Honoring Ancestors and Fulfilling Dreams
How are you your ancestor’s wildest dream? This was a question that program leader Selina posed recently to a group high school juniors in our College Access Now (CAN) program. This October, in honor of Indigenous Peoples’ Day and also of Hispanic Heritage Month, the girls were asked to reflect on their ancestors and their own place in their family stories.
Girls around the room agreed that getting access to a good education was a huge part of their ancestors’ dreams, as well as equal rights. One girl stated that she was not laboring in the fields, but was pursuing dreams of college and career instead. Another girl said that in receiving a quality education, she was a testament to the progress of biracial families. And a third girl mentioned that not only would she be the first in her family to go to college, but the first to graduate high school as well.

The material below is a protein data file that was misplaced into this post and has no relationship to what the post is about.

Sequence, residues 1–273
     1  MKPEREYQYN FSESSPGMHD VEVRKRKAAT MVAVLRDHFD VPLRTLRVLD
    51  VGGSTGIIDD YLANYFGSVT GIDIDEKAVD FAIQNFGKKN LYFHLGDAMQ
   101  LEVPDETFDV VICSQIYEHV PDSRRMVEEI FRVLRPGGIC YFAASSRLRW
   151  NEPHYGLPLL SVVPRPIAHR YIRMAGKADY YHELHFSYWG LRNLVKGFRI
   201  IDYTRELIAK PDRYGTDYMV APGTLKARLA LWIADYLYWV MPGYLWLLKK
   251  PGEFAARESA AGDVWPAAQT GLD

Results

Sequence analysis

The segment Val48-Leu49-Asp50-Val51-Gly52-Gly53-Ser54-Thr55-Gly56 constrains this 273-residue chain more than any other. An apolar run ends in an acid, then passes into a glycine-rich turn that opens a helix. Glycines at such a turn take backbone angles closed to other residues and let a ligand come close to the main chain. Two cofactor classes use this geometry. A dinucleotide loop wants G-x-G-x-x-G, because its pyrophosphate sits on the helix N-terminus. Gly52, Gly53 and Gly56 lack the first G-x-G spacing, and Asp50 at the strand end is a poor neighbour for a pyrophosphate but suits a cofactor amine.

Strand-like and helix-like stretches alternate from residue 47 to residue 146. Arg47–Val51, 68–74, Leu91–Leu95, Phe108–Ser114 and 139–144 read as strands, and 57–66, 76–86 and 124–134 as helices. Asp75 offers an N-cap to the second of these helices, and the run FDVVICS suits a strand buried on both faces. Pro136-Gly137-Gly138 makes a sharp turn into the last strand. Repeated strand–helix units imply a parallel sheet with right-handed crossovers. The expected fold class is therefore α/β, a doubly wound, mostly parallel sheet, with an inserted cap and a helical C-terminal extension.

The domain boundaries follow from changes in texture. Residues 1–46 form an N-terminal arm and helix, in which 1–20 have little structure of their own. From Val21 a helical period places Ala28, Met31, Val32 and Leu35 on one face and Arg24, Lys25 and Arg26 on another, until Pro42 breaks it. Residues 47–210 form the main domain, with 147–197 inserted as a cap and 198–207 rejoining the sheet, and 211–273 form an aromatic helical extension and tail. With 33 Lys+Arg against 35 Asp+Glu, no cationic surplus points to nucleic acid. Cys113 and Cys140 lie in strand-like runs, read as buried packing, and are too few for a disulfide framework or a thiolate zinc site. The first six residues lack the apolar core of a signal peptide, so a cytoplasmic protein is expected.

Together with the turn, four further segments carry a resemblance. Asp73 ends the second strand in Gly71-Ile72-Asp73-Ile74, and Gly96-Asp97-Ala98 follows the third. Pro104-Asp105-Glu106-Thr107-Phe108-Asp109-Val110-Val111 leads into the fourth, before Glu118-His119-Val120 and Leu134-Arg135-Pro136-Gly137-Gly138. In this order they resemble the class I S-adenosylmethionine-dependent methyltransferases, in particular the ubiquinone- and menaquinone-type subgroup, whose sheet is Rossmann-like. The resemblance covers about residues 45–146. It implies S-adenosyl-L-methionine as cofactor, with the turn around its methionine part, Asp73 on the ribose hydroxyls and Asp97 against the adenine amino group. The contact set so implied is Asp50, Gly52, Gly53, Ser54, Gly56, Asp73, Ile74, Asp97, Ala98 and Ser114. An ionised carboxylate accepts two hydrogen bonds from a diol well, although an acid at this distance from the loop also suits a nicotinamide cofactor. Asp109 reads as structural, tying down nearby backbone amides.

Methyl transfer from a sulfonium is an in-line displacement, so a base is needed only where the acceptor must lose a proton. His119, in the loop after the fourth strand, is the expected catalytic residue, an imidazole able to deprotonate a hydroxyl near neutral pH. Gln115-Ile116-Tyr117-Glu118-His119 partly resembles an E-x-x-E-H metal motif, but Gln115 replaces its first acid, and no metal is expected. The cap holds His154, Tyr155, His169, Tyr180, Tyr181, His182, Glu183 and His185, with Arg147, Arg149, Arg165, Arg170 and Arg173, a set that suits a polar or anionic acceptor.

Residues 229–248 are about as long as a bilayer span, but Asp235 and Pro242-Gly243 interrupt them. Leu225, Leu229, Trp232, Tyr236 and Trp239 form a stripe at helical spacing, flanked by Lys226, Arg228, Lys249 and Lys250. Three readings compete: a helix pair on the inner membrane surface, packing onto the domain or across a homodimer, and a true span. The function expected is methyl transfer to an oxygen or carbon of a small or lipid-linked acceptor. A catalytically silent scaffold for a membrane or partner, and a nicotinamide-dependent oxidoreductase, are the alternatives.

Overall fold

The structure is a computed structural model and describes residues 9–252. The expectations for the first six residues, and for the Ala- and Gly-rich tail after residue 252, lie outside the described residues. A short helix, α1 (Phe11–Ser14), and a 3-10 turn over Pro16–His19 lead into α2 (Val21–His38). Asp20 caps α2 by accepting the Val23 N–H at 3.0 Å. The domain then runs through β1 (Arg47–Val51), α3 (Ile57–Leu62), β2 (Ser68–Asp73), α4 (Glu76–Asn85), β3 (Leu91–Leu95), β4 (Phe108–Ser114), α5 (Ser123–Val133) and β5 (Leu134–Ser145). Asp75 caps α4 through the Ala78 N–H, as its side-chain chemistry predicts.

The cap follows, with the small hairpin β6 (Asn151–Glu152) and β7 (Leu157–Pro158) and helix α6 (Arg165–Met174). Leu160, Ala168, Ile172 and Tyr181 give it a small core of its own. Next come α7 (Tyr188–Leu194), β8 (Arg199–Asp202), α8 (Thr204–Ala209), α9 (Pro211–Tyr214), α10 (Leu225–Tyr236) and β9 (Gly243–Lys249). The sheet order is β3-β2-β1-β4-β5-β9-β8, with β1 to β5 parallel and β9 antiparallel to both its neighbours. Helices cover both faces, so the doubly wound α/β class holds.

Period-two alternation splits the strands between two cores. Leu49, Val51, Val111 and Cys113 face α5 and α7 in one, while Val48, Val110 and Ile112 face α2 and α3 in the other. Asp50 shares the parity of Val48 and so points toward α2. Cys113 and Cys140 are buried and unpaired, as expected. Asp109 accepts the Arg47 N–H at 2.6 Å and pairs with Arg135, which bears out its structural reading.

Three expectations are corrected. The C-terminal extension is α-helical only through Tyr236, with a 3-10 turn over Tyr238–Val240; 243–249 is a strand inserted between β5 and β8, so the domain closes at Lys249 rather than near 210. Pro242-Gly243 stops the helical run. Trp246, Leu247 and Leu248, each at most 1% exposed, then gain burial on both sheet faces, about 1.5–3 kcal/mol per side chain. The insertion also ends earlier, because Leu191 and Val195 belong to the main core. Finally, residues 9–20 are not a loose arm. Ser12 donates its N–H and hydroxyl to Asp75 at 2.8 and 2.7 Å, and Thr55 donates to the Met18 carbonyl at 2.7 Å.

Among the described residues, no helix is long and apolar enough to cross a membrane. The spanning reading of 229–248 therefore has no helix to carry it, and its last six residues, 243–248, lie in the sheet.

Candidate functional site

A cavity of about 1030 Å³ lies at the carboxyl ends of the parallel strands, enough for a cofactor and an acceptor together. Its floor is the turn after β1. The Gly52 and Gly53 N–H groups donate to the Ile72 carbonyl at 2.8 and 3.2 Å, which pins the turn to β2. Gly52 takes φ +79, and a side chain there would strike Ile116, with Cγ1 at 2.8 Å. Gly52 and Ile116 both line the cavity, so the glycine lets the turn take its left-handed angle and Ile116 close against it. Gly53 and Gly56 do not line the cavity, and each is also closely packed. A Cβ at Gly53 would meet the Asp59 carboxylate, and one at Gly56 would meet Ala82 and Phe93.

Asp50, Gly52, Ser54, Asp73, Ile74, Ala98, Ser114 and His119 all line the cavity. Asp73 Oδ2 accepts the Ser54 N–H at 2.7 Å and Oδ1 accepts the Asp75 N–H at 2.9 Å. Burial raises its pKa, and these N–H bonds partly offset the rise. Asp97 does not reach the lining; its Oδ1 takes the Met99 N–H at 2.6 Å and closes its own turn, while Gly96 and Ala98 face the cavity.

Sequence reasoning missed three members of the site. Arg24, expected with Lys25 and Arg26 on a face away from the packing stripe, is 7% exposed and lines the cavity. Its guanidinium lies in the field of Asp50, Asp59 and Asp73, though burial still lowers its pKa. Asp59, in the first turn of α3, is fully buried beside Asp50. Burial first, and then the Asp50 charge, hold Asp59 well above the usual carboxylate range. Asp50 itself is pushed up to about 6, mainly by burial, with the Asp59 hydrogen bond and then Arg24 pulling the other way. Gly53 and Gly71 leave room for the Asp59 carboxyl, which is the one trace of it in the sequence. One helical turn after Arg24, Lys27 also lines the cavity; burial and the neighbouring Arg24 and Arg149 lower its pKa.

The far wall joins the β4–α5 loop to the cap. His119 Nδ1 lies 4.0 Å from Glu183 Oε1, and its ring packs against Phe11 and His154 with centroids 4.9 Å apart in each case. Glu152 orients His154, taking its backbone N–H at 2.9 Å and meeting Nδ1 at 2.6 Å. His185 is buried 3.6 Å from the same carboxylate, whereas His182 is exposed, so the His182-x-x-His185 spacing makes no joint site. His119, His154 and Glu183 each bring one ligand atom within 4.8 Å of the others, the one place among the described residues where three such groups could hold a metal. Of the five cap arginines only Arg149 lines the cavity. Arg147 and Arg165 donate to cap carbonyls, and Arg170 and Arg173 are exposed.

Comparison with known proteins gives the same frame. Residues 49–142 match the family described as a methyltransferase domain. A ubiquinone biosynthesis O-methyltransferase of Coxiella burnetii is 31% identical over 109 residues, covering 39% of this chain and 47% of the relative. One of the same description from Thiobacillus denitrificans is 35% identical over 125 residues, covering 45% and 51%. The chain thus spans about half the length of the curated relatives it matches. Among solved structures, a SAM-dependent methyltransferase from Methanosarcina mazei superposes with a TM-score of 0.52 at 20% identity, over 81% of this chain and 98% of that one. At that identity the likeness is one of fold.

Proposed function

But for many girls in the class, the question went deeper than just their family lineage. They not only saw themselves in relationship to their families and ancestors, but also to their communities at large. Jennifer, an 11th grader, talked about how she could affect change for future generations by participating in movements like Black Lives Matter and gun violence advocacy. Many of the girls agreed that in celebrating their heritage, they were also celebrating their futures. As Kayla so eloquently put it, “I am my ancestors’ wildest dreams!”